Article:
Erectile dysfunction (ED) is common in patients with congestive heart failure (CHF) and is often associated with symptoms of depression. Although sildenafil citrate, a phosphodiesterase 5 inhibitor, is effective in treating ED, its use is considered a relative contraindication in CHF. We hypothesized that sildenafil is a safe and effective treatment for ED in patients with New York Heart Association classes II and III CHF and that treatment of ED will improve symptoms of depression and enhance perceived of quality of life.
We studied 35 patients in a prospective, placebo-controlled, crossover trial for 12 weeks. Inclusion required a history of chronic ED and absence of ischemia (negative results from exercise stress test or nuclear perfusion scan) or nitrate use. The tolerability of sildenafil citrate was established by monitoring the ambulatory blood pressure for 4 hours after a single 50-mg dose. Improvement in ED, the primary end point, was assessed using the International Index of Erectile Function survey. The effect of improved erectile function on quality of life and mood was assessed using the Minnesota Living With Heart Failure Questionnaire, the Beck Depression Index, and the Center for Epidemiological Studies–Depression Scale.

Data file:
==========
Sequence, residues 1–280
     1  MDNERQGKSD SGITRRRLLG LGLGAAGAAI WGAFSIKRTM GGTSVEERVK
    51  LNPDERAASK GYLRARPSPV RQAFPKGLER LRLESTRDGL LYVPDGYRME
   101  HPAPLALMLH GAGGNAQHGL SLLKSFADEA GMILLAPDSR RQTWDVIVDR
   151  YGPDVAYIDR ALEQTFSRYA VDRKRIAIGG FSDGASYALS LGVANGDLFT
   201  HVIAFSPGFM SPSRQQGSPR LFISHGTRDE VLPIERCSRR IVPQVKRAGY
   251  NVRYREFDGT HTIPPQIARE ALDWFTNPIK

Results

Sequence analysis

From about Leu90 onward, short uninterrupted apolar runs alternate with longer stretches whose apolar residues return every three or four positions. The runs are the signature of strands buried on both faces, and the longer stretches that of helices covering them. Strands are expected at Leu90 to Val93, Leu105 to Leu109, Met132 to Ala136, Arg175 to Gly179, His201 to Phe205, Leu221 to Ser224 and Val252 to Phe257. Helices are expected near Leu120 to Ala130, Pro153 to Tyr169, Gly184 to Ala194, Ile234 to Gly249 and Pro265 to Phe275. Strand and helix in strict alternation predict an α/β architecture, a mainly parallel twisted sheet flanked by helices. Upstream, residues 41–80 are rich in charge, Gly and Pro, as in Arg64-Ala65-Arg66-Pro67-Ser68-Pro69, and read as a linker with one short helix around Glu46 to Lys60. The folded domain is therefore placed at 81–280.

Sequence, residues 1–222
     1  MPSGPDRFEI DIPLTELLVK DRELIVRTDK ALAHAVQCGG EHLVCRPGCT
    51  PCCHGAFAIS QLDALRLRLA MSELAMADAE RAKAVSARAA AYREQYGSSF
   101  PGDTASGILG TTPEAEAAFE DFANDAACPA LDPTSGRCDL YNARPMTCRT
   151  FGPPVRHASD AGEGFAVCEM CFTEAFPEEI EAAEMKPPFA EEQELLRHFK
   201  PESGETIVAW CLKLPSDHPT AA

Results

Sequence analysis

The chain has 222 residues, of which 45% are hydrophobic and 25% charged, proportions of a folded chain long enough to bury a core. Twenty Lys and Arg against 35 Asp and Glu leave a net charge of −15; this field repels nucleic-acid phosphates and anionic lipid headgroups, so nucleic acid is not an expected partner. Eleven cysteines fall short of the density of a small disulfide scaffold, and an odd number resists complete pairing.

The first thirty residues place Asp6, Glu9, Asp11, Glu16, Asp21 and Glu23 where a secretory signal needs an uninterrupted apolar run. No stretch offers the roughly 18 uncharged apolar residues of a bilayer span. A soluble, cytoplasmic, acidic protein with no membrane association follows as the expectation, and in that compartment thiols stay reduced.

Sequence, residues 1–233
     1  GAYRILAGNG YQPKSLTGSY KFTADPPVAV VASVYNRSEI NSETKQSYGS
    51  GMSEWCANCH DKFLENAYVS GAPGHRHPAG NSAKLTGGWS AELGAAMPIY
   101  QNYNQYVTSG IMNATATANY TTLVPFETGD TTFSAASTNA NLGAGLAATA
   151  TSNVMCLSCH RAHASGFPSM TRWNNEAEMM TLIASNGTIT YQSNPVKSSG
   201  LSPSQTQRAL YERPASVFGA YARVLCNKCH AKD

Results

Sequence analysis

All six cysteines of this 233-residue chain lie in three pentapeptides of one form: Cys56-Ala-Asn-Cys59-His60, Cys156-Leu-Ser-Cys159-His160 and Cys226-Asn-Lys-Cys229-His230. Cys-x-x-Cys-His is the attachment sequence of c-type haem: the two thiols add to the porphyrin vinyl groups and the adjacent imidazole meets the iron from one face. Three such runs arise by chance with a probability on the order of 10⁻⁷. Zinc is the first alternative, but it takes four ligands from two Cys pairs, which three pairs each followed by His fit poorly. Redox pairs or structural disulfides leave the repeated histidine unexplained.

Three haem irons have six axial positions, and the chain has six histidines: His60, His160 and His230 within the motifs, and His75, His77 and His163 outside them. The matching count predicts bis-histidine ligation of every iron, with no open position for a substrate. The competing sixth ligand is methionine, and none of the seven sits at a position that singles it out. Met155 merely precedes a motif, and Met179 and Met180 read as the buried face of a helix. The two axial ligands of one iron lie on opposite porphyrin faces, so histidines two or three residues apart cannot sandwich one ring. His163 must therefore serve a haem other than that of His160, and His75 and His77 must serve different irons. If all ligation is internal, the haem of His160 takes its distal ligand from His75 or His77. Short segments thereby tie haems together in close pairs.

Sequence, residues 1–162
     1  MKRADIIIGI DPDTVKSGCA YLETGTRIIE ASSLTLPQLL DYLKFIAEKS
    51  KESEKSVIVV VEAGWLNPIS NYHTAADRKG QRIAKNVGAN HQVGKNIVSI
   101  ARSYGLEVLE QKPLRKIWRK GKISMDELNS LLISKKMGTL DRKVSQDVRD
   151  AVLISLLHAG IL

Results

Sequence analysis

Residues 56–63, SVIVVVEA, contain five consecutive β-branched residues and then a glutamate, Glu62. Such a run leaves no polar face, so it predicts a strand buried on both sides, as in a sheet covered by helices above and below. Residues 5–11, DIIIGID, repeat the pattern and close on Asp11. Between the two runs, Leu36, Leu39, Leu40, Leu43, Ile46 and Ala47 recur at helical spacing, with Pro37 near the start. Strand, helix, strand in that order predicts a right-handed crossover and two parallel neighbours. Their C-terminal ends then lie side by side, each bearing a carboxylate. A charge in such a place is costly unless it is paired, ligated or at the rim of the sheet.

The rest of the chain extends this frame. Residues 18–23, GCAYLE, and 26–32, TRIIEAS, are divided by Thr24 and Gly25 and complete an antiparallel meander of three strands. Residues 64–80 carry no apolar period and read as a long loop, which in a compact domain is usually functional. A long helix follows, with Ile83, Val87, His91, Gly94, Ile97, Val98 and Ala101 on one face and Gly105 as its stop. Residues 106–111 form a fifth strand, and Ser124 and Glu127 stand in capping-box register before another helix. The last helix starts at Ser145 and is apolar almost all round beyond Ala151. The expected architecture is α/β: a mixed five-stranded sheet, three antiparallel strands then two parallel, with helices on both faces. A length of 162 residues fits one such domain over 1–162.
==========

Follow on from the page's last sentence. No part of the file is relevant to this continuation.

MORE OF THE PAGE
Sildenafil caused a mean ± SEM asymptomatic decrease in blood pressure of 6 ± 3 mm Hg, and no patient experienced symptomatic hypotension or other significant adverse effects. Sildenafil improved the International Index for Erectile Function (P<.001) and both sets of depression scores. The Living With Heart Failure Questionnaire index also improved with sildenafil (P = .02).
Sildenafil is a safe and effective treatment for ED in men with New York Heart Association classes II and III CHF and provides relief of depressive symptoms, explaining an improvement in the perception of quality of life.